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Behind the Scenes: Last Sensei



My name is Gabriela Fuentes, I’m from Monterrey, Mexico. Since I was a little girl I have been pretty into art and the creation process, but I didn’t follow that path. In college, I studied something that I was not passionate about and I wasn't happy at all.

I felt at that moment that I didn’t have anything that was "my thing" or that made me feel enthusiastic about life. That was until I met the 3D world and—as much as it makes me sound like a drama queen—I felt that it was what I had been looking for and it changed my life completely.

Now it has been 4 years since I started my journey in the wonderful world of the 3D. I'm trying to learn as much as I can as a self-taught artist, but I have also been so lucky to be able to find the best guru: Iván Rojo. He introduced me to Blender and taught me everything!

Nowadays I am still working and growing up as a 3D artist.

The Idea

During my spring break, I made a trip with my boyfriend to a magical little town in San Luis Potosi, Mexico called Xilitla, where I had the opportunity to have a close encounter with the surrealist art of Leonora Carrington. Her work dazzled me but one of her sculptures, in particular, caught my eye, the sculpture called "Chango en balsa". I felt an instant connection and was thinking about it for the rest of my trip. As a result, I started to develop my own interpretation, letting my imagination flow.

I imagined an old ancestral sensei sailing alone down a cold river, perhaps returning to his last journey, and then I realized that would be a great challenge and a really good opportunity to be able to improve my skills. Feeling very excited and motivated, I decided to start!


Making this scene was a real challenge for me because it involved a lot of things I had never worked with, such as water, animal fur, a stylized character, lighting, and complex shading. So I started to gather ideas, making a mood board for inspiration and choosing what type of monkey would be the best option for what I was looking to create.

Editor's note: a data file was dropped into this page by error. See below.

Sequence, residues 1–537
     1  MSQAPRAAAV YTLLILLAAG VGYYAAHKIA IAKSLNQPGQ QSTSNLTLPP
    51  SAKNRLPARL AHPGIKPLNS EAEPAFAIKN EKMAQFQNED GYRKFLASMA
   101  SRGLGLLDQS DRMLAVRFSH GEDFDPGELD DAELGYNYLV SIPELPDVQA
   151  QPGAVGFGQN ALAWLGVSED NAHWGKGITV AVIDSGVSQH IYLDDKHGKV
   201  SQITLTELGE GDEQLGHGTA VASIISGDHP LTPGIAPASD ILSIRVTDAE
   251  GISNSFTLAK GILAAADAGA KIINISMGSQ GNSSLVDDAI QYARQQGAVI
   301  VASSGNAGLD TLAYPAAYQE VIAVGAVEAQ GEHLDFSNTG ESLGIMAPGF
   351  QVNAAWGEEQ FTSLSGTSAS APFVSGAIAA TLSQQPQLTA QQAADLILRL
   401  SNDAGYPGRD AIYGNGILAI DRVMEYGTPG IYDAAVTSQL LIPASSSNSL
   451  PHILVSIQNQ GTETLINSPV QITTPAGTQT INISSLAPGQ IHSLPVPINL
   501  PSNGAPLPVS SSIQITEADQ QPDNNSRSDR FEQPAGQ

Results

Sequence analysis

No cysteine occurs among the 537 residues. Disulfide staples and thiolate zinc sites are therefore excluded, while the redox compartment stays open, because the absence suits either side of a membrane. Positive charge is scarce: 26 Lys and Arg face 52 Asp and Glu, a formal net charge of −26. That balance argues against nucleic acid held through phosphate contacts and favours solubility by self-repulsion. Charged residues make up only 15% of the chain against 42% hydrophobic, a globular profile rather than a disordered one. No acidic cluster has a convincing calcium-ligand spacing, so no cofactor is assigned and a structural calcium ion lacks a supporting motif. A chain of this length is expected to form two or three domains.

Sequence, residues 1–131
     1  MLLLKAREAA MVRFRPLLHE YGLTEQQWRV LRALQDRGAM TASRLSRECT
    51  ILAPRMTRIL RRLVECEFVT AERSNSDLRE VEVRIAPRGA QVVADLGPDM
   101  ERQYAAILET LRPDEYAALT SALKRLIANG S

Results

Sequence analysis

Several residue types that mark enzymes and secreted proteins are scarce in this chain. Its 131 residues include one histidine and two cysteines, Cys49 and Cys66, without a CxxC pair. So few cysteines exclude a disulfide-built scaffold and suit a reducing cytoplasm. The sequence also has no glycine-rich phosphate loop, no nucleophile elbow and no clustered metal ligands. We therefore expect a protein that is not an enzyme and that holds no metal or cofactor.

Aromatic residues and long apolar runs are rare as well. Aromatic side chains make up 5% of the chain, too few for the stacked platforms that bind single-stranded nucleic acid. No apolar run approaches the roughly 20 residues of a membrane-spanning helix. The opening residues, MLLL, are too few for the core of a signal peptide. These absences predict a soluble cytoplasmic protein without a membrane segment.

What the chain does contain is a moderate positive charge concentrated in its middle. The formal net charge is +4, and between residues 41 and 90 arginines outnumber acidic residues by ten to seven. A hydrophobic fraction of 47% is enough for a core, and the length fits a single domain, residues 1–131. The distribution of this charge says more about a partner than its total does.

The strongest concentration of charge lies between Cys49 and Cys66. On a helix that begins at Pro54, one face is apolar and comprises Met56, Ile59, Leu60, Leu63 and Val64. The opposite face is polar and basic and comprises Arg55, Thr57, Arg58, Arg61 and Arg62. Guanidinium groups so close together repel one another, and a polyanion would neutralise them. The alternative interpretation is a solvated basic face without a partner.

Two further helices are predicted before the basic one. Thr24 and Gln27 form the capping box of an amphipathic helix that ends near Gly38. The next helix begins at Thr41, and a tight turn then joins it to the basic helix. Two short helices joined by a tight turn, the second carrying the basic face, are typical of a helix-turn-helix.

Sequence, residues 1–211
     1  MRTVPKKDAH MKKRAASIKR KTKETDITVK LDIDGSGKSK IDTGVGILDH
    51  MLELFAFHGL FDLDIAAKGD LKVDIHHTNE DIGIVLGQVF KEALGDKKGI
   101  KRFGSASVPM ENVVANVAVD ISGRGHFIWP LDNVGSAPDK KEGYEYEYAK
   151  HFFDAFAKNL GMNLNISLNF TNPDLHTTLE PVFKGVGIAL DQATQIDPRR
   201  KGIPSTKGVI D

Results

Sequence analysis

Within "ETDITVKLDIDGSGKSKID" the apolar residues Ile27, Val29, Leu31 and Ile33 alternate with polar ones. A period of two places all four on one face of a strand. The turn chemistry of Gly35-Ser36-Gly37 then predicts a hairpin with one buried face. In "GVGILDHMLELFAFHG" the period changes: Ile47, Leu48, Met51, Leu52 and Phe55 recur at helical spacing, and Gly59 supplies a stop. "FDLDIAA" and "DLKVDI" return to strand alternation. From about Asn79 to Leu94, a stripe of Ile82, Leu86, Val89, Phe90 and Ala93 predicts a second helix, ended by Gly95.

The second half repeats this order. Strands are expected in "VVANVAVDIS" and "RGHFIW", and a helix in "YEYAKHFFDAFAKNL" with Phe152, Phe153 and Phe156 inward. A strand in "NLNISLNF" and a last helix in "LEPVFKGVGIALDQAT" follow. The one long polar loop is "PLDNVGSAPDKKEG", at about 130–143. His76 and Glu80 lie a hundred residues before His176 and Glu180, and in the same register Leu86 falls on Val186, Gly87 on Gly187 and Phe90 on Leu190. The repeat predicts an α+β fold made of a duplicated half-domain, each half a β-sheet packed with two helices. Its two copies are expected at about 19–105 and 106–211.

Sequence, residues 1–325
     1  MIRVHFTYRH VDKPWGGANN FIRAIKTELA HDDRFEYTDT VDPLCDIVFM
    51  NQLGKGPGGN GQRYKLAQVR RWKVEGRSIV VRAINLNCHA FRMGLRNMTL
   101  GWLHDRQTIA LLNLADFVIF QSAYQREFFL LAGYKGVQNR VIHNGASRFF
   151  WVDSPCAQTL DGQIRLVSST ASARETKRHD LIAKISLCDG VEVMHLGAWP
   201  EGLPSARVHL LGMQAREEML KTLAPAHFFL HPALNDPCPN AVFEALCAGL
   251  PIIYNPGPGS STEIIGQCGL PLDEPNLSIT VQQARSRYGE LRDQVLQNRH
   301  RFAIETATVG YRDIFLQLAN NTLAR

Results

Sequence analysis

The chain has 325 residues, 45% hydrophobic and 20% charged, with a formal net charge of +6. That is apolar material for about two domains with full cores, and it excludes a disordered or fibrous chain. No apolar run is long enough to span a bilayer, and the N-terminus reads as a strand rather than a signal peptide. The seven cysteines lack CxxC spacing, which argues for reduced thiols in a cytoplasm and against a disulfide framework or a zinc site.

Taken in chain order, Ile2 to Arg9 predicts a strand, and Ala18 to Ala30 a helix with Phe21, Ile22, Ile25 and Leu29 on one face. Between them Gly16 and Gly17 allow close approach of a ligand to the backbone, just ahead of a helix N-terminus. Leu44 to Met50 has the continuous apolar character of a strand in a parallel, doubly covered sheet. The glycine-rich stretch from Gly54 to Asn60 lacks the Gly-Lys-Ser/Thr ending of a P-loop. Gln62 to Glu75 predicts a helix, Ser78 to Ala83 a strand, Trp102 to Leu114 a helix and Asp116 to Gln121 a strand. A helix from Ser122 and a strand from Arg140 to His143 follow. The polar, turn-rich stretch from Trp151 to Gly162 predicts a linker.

This is my mood board; I looked for rivers, traditional Asian outfits, characters, environments, and boats to make it. I used the PureRef app to organize it all.

Character Design And Modeling

Oh boy, it was hard. I will be honest, I didn’t think about how much work it would be to make a character with all that hair. After a few preliminary sketches and sculpted failures, I finally had the character base. At the beginning I had decided that the monkey would have no hair made of particles, so instead, I modeled it.

I usually follow a pretty common workflow; I sculpt the character and use it as a base for making the cleanest topology I can. I started with the head and then the body, then finally the hands and feet. After that, I used the sculpt tool to give a little bit more detail to the hair and face.

Texture and Shading

I painted all the textures for the character using Blender texture paint. I basically just played with the shadows and lights in the same gamma of colors, and after that I used the nodes and, with the help of the different texture maps, I was able to get the bump of the wrinkles for a realistic (old and damaged) skin shader.

Bringing It All Together